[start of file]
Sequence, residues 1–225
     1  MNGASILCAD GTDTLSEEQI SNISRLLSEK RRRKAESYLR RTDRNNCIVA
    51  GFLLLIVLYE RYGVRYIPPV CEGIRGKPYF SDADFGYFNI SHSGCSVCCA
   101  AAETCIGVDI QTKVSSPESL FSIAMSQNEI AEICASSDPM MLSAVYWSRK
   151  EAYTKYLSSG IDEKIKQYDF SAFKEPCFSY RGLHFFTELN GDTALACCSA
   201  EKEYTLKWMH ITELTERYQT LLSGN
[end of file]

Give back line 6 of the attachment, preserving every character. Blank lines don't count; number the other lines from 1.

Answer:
   201  EKEYTLKWMH ITELTERYQT LLSGN